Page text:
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Nearly four months after European airlines began experimenting with sustainable jet fuel, several US airlines are following in their eco-friendly footsteps.

On 9 November, Alaska Air and Horizon Airlines began testing the use of bio-fuel made from cooking oil that has been discarded by restaurants. Two days earlier, Continental made US aviation history when one if its flights between Houston and Chicago was the first powered by bio-fuel made from plants. Also on 7 November, United Airlines announced it will begin buying 20 million gallons of bio-fuel a year.

European airlines such as Finnair, Lufthansa, KLM and Thomson Airways started experimenting with the use of biomass fuel in July.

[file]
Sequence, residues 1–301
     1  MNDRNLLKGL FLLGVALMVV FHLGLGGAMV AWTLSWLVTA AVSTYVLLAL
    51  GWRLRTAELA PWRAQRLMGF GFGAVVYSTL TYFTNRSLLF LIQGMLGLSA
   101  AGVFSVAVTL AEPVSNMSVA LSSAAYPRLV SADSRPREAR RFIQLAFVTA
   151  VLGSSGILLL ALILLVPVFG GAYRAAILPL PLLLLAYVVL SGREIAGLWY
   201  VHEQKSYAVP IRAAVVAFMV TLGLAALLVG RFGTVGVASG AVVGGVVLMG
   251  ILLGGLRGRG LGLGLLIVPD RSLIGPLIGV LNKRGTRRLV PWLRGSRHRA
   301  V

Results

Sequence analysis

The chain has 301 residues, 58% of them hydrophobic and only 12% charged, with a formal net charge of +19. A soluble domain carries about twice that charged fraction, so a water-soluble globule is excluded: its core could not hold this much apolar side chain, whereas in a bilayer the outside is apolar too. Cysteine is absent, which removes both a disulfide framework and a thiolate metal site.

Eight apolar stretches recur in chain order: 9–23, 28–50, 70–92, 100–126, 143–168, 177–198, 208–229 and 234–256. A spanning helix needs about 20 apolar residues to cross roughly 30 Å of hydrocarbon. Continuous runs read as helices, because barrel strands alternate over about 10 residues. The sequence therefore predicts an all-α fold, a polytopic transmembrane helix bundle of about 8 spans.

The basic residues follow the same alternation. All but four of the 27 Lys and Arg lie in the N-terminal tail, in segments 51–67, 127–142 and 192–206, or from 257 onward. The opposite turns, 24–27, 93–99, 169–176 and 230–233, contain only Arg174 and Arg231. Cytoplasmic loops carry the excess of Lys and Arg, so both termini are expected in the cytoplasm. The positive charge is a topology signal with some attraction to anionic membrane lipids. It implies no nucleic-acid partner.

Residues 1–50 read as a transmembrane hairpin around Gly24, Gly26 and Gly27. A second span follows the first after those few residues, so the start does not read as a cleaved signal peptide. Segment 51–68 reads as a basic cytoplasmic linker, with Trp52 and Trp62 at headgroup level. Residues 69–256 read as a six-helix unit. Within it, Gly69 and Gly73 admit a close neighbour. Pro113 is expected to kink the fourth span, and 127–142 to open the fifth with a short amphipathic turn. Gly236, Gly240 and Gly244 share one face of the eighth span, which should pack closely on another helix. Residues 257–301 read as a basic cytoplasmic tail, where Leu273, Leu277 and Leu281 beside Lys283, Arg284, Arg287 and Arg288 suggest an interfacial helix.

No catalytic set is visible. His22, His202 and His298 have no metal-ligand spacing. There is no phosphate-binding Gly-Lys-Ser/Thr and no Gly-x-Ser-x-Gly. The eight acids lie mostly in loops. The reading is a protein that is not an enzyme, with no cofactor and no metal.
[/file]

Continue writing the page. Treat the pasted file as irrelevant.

Environmentalists praise the use of biodegradable products like corn and sugar in fuel because they are renewable sources of energy. Unlike jet fuel, bio-fuel doesn’t release carbon dioxide at 30,000ft, which can melt sea ice and disrupt fish populations, among other effects.

Don’t expect to bio-fuel to become an industry standard for several years, though, as high cost is a major hurdle for airlines. Alaska Airlines told National Public Radio reporters that its “bio-fuel costs nearly six times as much as conventional jet fuel.” Continental and United indicated they face similar high costs. When manufactured in enough volume, it may be far cheaper than oil, but in the meantime, bio-fuel production is still a baby industry.


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